The probing procedure, a preventative maintenance item, was originally scheduled months ago but got bumped to yesterday. To prepare, I had to ease myself off solid food on interPLAY Saturday, getting by on vanilla pudding, Greek yogurt and water. By Sunday, it was a couple of cups of coffee followed by many cups of water, two of which were mixed with a product called Pico Salax, designed to clean out the pipes.
Surprisingly, I had loads of energy and absolutely no hunger pangs, up until the second dose of the purgative medicine. Then I really felt the lack of nourishment and needed to spend a lot of time horizontal, curled up under the covers.
Heather drove me to Ambulatory Care for noon on Monday, going through a maze of doors and hallways as much of the first floor of our hospital is in renovation mode. I was required to have an adult sign me in as following the fast and the Pico Salax flush, it was probably best that I was not behind the wheel. She would also have to sign me out when the procedure was finished as driving post-procedure would be absolutely out of the question.
Almost immediately, I was whisked away to my curtain covered room and instructed to strip down to nothing and slip into a hospital gown. One of the nurses popped in to get an IV in place for the sedative to come, but she ended up having a helluva time finding a vein, as by that point I had dropped almost 10 pounds in just two days, and my circulation in the extremities - especially the hands - was causing sub-arctic conditions.
As she prodded and jabbed in search of a vein, her frustration was building.
"This is retarded," she muttered several times as a pool of sweat began forming on my brow.
"I should let you know that I'm prone to passing out in these situations," I said. "A tiny little nurse was once giving me a blood test and I ended up crashing right on top of her."
Thankfully, I was already in a bed, and the nurse quickly dropped it into a horizontal position as I struggled to stay conscious.
She quickly got some oxygen going up my nose, rushed out of the room and returned a few moments later.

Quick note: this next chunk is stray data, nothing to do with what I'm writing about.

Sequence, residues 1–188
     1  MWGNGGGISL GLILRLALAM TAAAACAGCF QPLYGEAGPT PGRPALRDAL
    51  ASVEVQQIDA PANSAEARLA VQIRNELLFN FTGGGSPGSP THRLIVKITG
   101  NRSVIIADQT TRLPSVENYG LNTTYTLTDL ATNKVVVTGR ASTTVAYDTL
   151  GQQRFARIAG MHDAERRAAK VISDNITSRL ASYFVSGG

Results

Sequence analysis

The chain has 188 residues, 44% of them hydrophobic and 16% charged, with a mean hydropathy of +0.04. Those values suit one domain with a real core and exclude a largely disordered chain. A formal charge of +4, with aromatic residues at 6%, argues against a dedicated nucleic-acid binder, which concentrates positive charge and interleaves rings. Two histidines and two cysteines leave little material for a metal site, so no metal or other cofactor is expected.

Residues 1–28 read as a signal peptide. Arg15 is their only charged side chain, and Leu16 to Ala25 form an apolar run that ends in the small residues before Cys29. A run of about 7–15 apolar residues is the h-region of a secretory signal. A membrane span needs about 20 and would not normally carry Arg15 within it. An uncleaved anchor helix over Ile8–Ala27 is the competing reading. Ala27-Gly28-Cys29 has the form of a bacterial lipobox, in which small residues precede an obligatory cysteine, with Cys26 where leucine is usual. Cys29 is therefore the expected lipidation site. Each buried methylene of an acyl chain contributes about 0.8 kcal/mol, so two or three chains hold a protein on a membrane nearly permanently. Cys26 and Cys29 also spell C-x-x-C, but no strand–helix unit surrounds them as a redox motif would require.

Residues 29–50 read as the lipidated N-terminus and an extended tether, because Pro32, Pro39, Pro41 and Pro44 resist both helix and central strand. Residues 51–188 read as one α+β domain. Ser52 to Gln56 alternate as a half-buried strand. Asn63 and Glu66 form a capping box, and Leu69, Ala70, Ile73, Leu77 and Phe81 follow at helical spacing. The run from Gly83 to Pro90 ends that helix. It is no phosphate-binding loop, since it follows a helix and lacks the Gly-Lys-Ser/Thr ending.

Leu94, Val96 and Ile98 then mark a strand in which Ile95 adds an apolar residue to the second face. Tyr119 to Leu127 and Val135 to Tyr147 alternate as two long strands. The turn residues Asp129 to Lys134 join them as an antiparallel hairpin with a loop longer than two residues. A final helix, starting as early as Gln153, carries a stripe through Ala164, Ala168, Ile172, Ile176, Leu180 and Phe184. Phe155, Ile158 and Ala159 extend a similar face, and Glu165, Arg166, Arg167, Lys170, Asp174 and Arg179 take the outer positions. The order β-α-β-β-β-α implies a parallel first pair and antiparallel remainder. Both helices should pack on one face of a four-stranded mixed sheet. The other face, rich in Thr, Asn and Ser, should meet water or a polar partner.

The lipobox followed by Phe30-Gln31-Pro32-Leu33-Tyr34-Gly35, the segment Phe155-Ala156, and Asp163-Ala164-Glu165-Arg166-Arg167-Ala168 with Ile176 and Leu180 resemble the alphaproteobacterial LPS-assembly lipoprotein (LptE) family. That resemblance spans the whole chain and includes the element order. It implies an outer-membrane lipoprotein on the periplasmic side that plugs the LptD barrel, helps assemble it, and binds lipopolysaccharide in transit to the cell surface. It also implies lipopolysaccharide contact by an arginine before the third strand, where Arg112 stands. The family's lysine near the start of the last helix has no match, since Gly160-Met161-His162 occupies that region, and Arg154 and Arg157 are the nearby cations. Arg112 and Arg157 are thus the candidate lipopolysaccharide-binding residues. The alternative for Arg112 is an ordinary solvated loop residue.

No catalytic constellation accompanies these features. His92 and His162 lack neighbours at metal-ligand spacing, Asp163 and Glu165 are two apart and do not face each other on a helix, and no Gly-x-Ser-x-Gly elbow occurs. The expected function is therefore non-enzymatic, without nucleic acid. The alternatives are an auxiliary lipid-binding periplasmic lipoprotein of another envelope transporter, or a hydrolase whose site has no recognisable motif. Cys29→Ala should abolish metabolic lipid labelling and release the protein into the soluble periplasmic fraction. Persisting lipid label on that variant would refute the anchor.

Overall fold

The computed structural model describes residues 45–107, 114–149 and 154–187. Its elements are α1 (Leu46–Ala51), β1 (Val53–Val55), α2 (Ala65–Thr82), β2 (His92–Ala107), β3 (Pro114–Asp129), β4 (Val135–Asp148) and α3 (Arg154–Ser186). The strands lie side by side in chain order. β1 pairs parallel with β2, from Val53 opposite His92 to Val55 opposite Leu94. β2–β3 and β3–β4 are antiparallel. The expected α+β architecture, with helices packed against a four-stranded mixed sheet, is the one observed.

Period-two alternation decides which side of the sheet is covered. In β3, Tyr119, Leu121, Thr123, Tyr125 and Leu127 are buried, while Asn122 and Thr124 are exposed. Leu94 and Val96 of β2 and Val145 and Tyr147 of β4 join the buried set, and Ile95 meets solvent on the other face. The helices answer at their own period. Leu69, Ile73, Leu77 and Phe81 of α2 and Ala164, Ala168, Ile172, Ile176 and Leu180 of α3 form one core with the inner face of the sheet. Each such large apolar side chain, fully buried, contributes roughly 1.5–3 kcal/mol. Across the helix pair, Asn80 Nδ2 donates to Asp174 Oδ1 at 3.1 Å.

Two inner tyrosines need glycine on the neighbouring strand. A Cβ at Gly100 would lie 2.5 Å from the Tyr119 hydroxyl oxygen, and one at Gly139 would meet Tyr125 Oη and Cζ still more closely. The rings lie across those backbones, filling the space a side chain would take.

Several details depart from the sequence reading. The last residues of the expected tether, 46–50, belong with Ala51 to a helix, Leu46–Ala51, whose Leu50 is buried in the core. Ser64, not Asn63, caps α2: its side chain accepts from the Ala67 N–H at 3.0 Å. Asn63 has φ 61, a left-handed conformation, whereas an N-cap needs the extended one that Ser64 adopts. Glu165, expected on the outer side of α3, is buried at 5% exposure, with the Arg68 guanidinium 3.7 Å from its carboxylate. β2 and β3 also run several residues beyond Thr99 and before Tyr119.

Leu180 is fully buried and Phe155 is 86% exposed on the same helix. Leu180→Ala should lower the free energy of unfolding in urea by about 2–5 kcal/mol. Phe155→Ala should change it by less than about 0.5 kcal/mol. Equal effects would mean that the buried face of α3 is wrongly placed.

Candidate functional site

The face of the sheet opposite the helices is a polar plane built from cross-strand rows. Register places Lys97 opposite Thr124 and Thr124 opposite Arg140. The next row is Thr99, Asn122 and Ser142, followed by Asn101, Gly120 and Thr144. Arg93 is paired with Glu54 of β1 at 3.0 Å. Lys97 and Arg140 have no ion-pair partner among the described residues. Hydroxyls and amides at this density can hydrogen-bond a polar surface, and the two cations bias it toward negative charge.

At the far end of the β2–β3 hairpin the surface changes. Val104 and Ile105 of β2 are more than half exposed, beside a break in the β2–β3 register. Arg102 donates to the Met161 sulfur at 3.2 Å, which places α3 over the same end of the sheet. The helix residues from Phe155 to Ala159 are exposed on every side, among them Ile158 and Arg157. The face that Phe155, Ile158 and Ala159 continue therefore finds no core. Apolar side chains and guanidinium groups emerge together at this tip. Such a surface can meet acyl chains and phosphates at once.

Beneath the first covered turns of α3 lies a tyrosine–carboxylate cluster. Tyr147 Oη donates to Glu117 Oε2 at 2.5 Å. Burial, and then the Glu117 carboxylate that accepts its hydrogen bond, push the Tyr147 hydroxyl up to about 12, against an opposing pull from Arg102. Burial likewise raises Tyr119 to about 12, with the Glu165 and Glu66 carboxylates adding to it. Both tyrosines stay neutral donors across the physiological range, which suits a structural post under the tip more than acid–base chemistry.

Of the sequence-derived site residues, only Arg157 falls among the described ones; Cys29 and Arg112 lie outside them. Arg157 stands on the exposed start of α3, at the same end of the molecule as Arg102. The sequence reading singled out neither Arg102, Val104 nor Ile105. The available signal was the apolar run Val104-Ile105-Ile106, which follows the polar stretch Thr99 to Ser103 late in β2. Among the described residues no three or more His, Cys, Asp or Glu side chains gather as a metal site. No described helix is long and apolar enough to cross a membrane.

"Take a couple of sips of apple juice," she said. "The sugar will help." It did.
It took about 15 minutes, but eventually colour returned to my face and she was able to find a vein. It was 1:15 when I was taken into the colonoscopy procedure room, a small space crammed with monitors, surgical accouterments, and myriad electrical outlets, each numbered with the circuit it corresponded to, some regular, some a part of the uninterrupted power supply (UPS) - it's strange what you notice when you are stuck looking at the same room for over an hour.
It was nice to see Dr. Zuk again, as we had several vasectomy encounters, the second inspiring a line that I've shared dozens of times: "I've done about 2500 of these, and had to redo four. You're going to make it a handful." Classic!
The nurse injected the sedative into the IV and asked me to turn on to my left side.
"Do you feel anything?" she asked.
"I feel absolutely nothing..."
That's the last memory I have of the procedure. I woke up back in the curtain-surrounded environs of my original space, seemingly an instant later.
They had warned me that the sedative would do a number on my short term memory. Don't sign any important documents or contracts for the next 24-hours, the paperwork warned. As I lay in bed late last night, struggling to find sleep after luxuriating with some of Heather's amazing chicken noodle soup and a couple of cups of coffee, I tried to grab some memories.
As I explored the recesses of my mind, I couldn't find a trace of recall of getting out of bed and into my clothes. I have a foggy memory of the nurse saying that my wife was already here, but that is it. I remember seeing Ben and Heather in the waiting room but have no memory of walking out to the car, parked on Fitzgerald.
I guess the best news in all of this, especially if you're starring in the face of a future colonoscopy procedure, is that there was absolutely no residual pain or discomfort from having the surgical camera exploring my insides. Outside of the weakness from the fast and the fog of the sedative, I felt 100% heading home by late afternoon.
At 45, I am of an age where taking my health for granted is no longer an option. The November cancer diagnosis of my father was the catalyst for me to begin a full diagnostic check of my various systems. In a sense, I feel like I owe it to him to learn from that which he did not do. I owe it to my wife and boys to do everything I can to ensure a long and healthy life. And, at the end of the day, I owe it to myself.